Women are being warned not to put herbs in their vaginas after a Marie Claire article suggested that they should use parsley to “kick-start” their periods.
It’s easy to laugh, but it’s actually quite a serious problem: time and again magazines and online magazines aimed at women print deluded and sometimes actively dangerous health advice from people who haven’t got the faintest clue what they’re on about.
Gwyneth Paltrow’s Goop site is a good example: it urges women to do all kinds of dangerous things to their genitals and weasels out of taking responsibility for any resultant injury or infection with a disclaimer effectively saying that “the products or procedures mentioned on the site are not intended to be a substitute for professional medical advice, diagnosis, or treatment.” Some of Paltrow’s fact-free tips have appeared in supposedly reputable magazines such as Women’s Health.
A few years ago, one study looked at the articles about complementary medicine in a range of women’s magazines. Of the 150 articles studied in 15 women’s magazines, 131 “were written by non medically qualified contributors”. Of the 150 articles, 95 made unsubstantiated claims about herbal “remedies” that can be very dangerous for some people.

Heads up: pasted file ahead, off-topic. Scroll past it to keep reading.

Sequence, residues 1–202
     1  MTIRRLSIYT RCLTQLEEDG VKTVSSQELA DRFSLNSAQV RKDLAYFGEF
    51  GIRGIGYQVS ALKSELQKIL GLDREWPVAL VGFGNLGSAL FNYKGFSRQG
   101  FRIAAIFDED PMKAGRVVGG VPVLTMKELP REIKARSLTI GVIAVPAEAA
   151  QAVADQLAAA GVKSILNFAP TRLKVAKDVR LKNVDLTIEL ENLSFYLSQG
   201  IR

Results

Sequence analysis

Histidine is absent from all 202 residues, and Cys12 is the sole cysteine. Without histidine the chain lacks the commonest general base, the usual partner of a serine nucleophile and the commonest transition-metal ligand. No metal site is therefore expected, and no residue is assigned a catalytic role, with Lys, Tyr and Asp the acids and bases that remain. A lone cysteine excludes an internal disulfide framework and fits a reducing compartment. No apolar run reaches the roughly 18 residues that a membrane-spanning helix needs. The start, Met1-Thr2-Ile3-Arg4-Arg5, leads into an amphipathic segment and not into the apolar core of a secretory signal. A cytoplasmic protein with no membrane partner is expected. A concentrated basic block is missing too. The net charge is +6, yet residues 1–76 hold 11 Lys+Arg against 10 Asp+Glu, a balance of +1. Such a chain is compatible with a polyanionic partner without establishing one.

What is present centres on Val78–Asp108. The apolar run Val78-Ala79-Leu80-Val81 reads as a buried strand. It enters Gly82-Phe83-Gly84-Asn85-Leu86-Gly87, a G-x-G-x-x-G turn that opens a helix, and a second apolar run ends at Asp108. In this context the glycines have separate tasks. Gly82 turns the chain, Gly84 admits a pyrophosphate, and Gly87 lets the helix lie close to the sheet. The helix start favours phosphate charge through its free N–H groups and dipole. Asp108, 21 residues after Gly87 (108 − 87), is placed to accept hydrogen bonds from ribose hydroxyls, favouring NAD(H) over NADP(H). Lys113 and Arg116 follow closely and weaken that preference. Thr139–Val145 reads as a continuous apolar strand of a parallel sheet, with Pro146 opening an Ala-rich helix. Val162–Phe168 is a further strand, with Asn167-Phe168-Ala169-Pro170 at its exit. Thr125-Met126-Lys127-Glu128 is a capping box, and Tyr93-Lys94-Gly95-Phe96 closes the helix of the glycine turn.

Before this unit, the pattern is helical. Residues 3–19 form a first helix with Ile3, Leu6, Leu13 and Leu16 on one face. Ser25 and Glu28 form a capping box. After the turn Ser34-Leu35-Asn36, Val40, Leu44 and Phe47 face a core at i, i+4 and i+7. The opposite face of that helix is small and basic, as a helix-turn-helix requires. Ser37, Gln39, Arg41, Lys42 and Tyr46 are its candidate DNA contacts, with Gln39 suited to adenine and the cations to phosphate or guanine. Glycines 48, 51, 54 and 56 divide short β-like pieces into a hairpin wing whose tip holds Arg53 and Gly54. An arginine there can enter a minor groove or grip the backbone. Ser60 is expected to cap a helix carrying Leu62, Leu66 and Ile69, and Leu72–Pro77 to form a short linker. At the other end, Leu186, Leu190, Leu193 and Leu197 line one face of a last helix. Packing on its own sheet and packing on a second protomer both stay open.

I’m surprised Marie Claire slipped up, because as magazines go it’s one of the better ones. But it’s an industry-wide problem. Between “alternative” medicine, dangerous diets and cheerleading for cosmetic surgery, women’s magazines are often really bad for women’s health – and the more magazines move online and become low- or no-paying content farms, the worse the problem is going to become.